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Neurobiol Learn Mem. 2012 Jan;97(1):90-6. doi: 10.1016/j.nlm.2011.09.008. Epub 2011 Oct 7.

Forced treadmill exercise prevents oxidative stress and memory deficits following chronic cerebral hypoperfusion in the rat.

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Programa de Pós-graduação em Neurociências, Instituto de Ciências Básicas da Saúde, Universidade Federal do Rio Grande do Sul, Brazil.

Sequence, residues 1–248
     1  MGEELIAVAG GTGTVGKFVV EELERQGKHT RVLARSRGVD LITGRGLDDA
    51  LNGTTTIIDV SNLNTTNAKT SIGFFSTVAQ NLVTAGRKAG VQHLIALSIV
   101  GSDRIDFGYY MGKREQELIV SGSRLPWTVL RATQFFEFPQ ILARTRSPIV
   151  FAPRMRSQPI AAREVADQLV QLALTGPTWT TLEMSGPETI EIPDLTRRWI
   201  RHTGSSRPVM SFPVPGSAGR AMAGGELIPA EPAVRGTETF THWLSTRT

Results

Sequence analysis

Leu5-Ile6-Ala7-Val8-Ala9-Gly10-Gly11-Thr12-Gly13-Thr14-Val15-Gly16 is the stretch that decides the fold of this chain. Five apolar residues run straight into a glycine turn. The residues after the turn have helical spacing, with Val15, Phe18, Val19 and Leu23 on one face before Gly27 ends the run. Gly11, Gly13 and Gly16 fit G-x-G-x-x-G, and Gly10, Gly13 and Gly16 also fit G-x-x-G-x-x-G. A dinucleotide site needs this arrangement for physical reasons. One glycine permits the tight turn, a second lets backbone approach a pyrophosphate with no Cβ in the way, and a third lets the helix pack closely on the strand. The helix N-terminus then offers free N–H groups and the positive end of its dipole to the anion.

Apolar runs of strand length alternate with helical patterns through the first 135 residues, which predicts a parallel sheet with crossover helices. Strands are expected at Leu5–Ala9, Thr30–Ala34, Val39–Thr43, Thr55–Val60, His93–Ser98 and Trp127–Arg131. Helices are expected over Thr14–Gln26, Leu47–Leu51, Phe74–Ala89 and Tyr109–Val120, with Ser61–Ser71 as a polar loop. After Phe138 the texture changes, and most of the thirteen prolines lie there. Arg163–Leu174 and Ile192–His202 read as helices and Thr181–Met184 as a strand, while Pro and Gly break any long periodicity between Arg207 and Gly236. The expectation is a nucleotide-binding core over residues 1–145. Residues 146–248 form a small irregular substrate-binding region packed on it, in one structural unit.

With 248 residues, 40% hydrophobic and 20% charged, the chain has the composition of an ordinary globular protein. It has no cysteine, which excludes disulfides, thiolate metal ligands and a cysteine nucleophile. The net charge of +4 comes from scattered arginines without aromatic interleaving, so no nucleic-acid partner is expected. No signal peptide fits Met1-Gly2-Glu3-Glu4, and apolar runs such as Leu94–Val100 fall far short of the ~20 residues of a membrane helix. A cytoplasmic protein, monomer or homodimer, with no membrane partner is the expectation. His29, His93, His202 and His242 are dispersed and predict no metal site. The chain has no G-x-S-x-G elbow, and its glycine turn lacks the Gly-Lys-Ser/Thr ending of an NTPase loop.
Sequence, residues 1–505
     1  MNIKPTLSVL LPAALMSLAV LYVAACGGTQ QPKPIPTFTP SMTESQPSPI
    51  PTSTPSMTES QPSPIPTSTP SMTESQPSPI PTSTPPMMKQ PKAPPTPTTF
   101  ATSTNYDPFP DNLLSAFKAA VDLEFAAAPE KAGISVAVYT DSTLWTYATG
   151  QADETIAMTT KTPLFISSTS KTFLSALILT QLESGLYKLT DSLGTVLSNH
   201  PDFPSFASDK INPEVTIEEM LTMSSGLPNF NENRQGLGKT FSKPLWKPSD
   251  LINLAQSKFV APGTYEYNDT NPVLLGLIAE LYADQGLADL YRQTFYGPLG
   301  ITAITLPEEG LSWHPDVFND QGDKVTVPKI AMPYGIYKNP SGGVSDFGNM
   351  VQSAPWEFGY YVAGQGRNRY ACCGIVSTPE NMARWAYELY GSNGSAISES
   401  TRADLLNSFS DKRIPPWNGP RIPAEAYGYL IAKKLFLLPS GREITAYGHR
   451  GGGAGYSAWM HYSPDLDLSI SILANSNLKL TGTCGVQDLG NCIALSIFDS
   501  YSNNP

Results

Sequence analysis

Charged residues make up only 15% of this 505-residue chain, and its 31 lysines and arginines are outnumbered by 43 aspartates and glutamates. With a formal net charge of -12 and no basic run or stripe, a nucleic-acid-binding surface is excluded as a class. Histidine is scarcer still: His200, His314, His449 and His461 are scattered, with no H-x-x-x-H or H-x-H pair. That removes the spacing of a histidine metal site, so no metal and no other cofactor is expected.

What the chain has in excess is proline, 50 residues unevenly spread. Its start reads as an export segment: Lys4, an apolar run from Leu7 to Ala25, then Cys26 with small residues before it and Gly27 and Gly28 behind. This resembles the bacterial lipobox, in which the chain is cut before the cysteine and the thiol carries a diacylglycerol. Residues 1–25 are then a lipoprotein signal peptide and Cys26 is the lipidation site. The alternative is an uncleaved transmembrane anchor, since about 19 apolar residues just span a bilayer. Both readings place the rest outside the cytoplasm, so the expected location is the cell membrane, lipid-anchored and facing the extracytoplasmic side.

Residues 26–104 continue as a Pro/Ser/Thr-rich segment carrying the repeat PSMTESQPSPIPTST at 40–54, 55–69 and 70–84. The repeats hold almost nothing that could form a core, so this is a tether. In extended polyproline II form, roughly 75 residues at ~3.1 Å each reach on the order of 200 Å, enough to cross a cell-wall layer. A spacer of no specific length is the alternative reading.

Physical activity impacts functional recovery following stroke in humans, however its effects in experimental animals submitted to chronic cerebral hypoperfusion have not been investigated. The aim of this study was to evaluate the therapeutic potential of exercise, as assessed by cognitive activity in the Morris water maze and the brain oxidative status, through measurement of macromolecules damage, TBARS levels and total cellular thiols, as well as antioxidant enzymes in hippocampus, striatum and cerebral cortex. Adult male Wistar rats were submitted to the modified permanent bilateral occlusion of the common carotid arteries (2VO) method, with right common carotid artery being first occluded, and tested 3 months after the ischemic event. The effects of three different exercise protocols were examined: pre-ischemia, post-ischemia and pre+post-ischemia. Physical exercise consisted of sessions of 20-min, 3 times per week during 12 weeks (moderate intensity). Rats were submitted to cognitive assessment, in both reference and working spatial memory and after the last testing session were sacrificed to have oxidative stress parameters determined. Hypoperfusion caused a significant cognitive deficit in both spatial water maze tasks and this effect was reversed in rats receiving exercise protocol post and pre+post the ischemic event. Moreover, forced regular treadmill exercise regulated oxidative damage and antioxidant enzyme activity in the hippocampus. These results suggest that physical exercise protects against cognitive and biochemical impairments caused by chronic cerebral hypoperfusion.

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